Nishantha Bandara, Lawrence Technological University
Mark Grazioli, Michigan DOT
Kiln dust, Landfills, Michigan, pavement design, Recycled materials, Soil stabilization, Subgrade materials, Undercutting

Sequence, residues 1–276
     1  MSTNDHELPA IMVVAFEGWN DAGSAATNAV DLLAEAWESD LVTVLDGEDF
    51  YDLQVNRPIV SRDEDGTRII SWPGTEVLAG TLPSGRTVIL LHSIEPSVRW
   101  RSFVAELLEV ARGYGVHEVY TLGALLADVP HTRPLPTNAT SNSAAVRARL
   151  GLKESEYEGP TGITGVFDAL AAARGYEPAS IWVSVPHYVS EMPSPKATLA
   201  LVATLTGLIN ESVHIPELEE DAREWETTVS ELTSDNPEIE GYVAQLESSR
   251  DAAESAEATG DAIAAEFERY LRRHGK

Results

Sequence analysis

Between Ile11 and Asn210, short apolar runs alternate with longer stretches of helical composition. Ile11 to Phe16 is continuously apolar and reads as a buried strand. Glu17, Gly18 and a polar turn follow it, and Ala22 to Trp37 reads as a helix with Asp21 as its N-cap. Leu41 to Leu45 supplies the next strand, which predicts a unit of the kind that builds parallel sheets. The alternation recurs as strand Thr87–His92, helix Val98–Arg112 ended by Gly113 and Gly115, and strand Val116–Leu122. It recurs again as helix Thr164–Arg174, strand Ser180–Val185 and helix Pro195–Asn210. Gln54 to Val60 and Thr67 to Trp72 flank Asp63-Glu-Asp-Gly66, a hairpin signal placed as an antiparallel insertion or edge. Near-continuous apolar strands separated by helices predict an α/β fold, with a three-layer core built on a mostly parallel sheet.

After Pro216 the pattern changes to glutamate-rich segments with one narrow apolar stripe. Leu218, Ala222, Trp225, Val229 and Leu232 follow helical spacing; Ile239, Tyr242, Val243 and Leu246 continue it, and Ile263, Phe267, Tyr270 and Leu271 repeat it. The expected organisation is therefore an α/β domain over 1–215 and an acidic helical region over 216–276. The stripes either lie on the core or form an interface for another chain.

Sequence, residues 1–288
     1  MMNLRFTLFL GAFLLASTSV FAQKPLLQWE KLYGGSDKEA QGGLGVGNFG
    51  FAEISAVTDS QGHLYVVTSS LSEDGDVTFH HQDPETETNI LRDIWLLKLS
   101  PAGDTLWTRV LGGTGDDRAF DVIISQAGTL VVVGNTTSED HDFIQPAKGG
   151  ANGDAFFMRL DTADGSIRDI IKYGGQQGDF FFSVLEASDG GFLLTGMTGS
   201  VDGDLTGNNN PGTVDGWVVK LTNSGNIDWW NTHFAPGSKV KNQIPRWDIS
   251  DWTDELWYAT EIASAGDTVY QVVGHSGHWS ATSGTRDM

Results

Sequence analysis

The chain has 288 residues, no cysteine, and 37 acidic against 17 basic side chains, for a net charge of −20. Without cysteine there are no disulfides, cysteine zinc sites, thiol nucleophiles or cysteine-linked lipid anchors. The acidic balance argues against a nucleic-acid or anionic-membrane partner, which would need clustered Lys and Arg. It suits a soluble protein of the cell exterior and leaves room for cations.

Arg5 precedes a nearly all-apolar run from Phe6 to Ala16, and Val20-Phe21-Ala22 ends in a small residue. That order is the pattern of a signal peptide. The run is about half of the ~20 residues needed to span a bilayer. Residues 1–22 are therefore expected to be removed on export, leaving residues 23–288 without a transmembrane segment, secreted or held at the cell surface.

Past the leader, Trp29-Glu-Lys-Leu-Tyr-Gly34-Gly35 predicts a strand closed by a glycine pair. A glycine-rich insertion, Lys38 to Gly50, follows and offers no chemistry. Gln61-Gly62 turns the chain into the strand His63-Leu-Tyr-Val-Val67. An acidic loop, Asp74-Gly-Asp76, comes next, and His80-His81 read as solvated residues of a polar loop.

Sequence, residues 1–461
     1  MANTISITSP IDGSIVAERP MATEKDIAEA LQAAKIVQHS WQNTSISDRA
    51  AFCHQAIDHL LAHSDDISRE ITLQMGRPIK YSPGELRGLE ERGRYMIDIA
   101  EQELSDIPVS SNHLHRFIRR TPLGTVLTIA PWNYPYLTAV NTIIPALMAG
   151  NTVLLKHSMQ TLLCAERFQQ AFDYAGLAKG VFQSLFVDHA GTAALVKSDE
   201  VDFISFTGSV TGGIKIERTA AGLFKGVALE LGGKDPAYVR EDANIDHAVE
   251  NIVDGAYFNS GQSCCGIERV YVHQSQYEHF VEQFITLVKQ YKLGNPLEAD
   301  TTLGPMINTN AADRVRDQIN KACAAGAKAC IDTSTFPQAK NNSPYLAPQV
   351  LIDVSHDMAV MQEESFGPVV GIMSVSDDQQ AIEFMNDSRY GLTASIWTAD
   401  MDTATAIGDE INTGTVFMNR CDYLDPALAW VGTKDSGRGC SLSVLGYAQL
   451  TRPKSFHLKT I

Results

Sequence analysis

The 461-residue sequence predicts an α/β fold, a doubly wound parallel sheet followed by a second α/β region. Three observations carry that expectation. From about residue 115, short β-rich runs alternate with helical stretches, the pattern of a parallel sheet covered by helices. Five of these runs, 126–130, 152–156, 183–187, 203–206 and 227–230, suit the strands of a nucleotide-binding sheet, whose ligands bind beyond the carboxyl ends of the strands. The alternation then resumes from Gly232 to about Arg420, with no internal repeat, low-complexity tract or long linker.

The standard practice of Michigan Department Transportation (MDOT) to treat unsuitable subgrade is to remove and replace (undercutting) with acceptable materials. In few MDOT projects, soil stabilization techniques were utilized to facilitate construction instead of undercutting. However, neighboring states such as Indiana, Ohio, Wisconsin and Minnesota frequently use soil stabilization techniques to treat unacceptable subgrade soils. Due to rising costs of good quality acceptable materials for remove/replace options and traditional subgrade stabilization materials, MDOT is in need to identify potential recycled materials to treat unacceptable subgrade soils. Recycled materials not only provide cheaper alternatives for subgrade stabilization, they also alleviate landfill problems. Most of the previous studies related to subgrade stabilization were limited to quantifying immediate benefit through construction facilitation. However, there is a need to identify the long-term benefits and/or risks of subgrade stabilization. With satisfactory long-term benefits, subgrade stabilization can be potentially used for optimizing pavement designs that will result in cost effective pavement sections. If there are any long-term risks associated with subgrade stabilization, that may be addressed by remedial actions or limiting usage of those stabilizing materials. This research study is aimed at identifying short-term and long-term benefits and risks of using recycled materials such as Cement Kiln Dust (CKD), Lime Kiln Dust (LKD), fly-ash, concrete fines and other materials for subgrade stabilization.